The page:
The Island Wines of Spain | Wine Enthusiast
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The Island Wines of Spain

In the search for interesting and authentic wines, wine lovers will leave no stone—or, in this case, island—unturned.

Enter the Balearic and Canary Islands: two separate archi­pelagos (one Mediterranean, one Atlantic) that are autonomous communities of Spain. Although separated by vast waters from the Spanish mainland, they share its spirit for innovative winemaking in dramatic landscapes.

Martin Cerdá, of Florida-based wine importer Cerdá, Llanos y Cía, grew up in Mallorca, one of the Balearic Islands off Spain’s east coast, and says island wines represent the “new Spanish wine frontier.” He says they help stretch consumers’ tastes beyond the traditional Tempranillo and Garnacha.

Long revered for its natural beauty and Mediterranean climes, Mallorca is now on the radar as an intriguing wine producer.

Lava walls protect vines from harsh Atlantic winds on Lanzarote, Canary Islands
Lava walls protect vines from harsh Atlantic winds on Lanzarote, Canary Islands / Shutterstock

Age-old Traditions

Perhaps 2,000 years ago, Pliny the Elder would have extolled the excellence of Mallorca’s wines, likening them to the best of Italy. But winemaking here only really ratcheted up a couple of decades ago with two denominación de origen (DO) designations: Binissalem, the first Mallorcan DO, established in 1990, and Pla i Llevant, established in 1999.

Today, producers that make creative, contemporary wines include Ànima Negra, 4Kilos, Miquel Oliver and 300-year-old Bodegas Ribas, Mallorca’s oldest winery. Production is small, limited to about 2,500 acres of vineyards that include both indigenous and international varieties. The island’s terraces require most of the vines to be harvested by hand and be maintained by sustainable practices. Most Mallorcan wines favor fruit over oak.

Prominent red grapes include Callet, similar to Pinot Noir, but with more mineral and spice notes. Francesc Grimalt, the winemaker for 4Kilos, calls Callet “seductive and feminine.”

The Canaries are home to several grape varieties that do not exist anywhere else.

Said to be Callet’s “half-sibling,” Manto Negro offers a light color and soft body. Of the aromatic Prensal Blanc, Pilar Oliver, the oenologist at Vinyes i Bodegues Miquel Oliver, says, “[It] is, for me, the best white local variety. It gives the freshness, fruit, subtlety and elegance we look for in a young white.”

A cluster of seven islands located 60 miles off Morocco’s coast, the Canaries produce wines laced with salinity and vibrant minerality. While the whites express racy acidity, the reds lean toward deep red and black-fruit flavors, savory bramble and wildflower. Both can also suggest smoke and spice.

Wines from here reflect a range of styles—red, white, rosé and sparkling. The landscapes are equally diverse, and some are quite extreme, from the black-ash, lunar-like surfaces of Lanzarote to El Teide, Tenerife’s active volcano, which boasts the highest-altitude vineyards in Europe. But perhaps most impressive are the very old vines—dating back 300 years in some cases—that were never touched by the phylloxera plague.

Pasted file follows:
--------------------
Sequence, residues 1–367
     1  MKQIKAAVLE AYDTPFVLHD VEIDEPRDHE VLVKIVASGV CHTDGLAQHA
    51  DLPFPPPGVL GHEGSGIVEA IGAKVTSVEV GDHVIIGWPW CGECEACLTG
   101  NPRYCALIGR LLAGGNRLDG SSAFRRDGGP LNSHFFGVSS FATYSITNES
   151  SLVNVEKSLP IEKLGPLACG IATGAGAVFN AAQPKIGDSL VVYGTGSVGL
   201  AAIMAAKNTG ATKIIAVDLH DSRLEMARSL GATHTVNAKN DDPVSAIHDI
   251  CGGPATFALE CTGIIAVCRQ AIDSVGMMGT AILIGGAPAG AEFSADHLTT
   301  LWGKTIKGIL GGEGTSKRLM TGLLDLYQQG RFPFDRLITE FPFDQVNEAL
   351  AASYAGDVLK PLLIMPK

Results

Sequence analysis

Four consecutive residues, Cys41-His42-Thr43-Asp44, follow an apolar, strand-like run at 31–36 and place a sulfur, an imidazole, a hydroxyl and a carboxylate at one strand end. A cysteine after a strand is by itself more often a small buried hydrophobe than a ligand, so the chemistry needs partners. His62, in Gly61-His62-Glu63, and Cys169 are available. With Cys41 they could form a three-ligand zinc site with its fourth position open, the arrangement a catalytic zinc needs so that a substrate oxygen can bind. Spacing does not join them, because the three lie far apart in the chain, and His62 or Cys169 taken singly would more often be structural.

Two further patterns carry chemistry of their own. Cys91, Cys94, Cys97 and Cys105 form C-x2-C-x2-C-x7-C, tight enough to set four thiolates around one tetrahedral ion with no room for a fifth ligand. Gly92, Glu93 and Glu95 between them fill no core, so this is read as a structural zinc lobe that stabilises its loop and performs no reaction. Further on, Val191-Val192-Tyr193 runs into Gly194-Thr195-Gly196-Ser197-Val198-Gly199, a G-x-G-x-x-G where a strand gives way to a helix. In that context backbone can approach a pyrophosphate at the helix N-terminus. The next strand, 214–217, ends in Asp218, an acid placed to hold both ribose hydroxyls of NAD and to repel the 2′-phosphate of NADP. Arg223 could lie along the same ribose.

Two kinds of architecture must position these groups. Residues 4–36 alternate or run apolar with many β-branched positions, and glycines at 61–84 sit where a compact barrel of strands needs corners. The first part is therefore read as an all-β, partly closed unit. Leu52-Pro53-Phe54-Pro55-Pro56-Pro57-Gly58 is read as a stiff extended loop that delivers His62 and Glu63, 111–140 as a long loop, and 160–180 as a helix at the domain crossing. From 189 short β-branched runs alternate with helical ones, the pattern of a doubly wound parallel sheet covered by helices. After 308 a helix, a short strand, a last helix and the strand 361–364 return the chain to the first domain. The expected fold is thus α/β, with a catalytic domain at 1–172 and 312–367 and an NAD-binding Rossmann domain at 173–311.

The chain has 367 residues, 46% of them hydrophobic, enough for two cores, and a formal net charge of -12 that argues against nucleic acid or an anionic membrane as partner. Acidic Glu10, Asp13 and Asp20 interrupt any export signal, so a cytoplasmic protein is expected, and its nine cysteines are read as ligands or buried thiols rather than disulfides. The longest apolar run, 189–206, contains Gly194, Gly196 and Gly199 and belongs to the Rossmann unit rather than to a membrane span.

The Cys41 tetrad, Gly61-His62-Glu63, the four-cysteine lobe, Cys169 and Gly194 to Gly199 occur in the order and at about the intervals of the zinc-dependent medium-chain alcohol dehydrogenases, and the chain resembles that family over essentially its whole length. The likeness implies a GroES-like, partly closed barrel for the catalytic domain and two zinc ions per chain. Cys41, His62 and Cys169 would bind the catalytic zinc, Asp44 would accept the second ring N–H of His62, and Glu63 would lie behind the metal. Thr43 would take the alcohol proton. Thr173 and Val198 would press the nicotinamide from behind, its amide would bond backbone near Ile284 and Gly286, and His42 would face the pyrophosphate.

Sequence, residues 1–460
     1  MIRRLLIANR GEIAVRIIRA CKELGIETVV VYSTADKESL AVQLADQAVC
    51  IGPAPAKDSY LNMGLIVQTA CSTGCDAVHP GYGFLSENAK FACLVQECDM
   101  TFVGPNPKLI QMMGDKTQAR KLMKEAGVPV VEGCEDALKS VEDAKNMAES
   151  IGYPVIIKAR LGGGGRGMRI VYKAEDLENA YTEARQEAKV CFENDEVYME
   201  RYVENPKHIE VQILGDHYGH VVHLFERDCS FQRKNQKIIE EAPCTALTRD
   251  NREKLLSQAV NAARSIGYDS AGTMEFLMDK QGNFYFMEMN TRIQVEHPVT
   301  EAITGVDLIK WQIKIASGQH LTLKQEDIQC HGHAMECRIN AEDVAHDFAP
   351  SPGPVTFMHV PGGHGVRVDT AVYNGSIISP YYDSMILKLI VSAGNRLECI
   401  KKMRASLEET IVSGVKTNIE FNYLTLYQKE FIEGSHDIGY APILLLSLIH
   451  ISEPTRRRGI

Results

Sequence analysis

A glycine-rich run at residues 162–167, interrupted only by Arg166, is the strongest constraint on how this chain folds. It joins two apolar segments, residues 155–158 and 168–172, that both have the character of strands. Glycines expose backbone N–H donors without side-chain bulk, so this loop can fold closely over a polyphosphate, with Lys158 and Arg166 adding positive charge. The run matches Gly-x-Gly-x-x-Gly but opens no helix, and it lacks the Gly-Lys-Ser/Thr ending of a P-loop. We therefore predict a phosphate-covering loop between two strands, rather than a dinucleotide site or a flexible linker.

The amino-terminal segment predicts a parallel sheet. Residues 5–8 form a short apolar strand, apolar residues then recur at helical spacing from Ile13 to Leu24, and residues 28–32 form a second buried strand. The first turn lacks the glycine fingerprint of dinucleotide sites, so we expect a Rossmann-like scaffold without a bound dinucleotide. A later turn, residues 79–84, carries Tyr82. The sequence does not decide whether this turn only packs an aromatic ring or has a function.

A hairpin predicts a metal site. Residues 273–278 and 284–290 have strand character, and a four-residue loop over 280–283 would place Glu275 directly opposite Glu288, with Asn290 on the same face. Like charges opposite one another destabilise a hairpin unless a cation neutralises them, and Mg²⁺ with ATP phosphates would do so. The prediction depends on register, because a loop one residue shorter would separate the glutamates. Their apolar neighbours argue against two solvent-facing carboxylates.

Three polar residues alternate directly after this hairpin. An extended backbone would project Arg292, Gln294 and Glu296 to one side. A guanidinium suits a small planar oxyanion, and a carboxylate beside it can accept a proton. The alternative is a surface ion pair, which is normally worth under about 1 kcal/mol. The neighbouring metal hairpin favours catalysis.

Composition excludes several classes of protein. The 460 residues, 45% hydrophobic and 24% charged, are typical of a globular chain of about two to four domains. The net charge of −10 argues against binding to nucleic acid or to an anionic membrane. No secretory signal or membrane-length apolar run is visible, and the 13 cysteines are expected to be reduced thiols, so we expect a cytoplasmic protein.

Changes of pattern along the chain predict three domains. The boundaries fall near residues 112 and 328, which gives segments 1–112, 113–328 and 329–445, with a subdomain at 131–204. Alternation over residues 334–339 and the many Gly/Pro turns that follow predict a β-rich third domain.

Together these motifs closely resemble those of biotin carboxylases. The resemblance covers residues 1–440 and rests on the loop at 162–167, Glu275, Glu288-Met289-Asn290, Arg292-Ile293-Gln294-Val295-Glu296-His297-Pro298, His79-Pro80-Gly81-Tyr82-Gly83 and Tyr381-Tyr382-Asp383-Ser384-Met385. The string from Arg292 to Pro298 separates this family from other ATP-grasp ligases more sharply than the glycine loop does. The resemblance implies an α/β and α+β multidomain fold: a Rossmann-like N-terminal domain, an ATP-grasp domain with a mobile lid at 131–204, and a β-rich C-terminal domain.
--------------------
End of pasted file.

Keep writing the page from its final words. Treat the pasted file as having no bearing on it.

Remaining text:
Wine casks on Mallorca
Wine casks on Mallorca / Shutterstock

Unique Grape Varieties

The Canaries are home to several grape varieties that do not exist anywhere else in the world. Many of these plantings originated in Andalucía, but have since disappeared from Spain. They are thought to have been brought to the Canaries by ships bound for the New World.

“The vignerons are highly cognizant of the gift of working with pie franco (ungrafted, but literally meaning ‘on its own feet’) vines and with grape varieties that do not exist anywhere else in the world,” says Bethany Kacich, national sales manager for New York-based David Bowler Wine, the largest importer of Canary Island wines in the U.S.

The more common whites include Gual, Listán Blanco (Palomino), Malvasía and Verdello. In reds, look for Listán Negro, Malvasía Negra and Rosado, Negramoll and Tintilla. Noting their underlying salinity, Kacich says, “Salt perhaps being food’s most universal ally, it follows that the wines are extremely friendly across a wide spectrum of styles of cuisine.”

Major producers, old and new, include Frontón de Oro (Gran Canaria), Los Bermejos (Lanzarote), ­Viñátigo (Tenerife), El Grifo (Lanzarote) and Bodegas ­Monje (Tenerife).

Karina Macow, wine director at Vinateria in New York City’s Harlem neighborhood, features both Mallorcan and Canary Island wines on her wine list.

“Everyone is trying to taste a grape they’ve never heard of and combining that with a region they’ve never heard of,” she says. “When you choose niche regions, you’re often getting a good value.”

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